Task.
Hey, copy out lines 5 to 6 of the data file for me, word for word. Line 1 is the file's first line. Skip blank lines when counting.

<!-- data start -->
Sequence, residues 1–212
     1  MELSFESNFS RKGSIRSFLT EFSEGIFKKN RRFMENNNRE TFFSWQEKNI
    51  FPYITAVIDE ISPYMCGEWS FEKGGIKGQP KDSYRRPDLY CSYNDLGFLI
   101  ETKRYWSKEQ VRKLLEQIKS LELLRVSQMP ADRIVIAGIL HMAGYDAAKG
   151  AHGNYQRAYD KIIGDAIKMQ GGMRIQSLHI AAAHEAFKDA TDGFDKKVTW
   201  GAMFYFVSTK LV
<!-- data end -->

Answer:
   151  AHGNYQRAYD KIIGDAIKMQ GGMRIQSLHI AAAHEAFKDA TDGFDKKVTW
   201  GAMFYFVSTK LV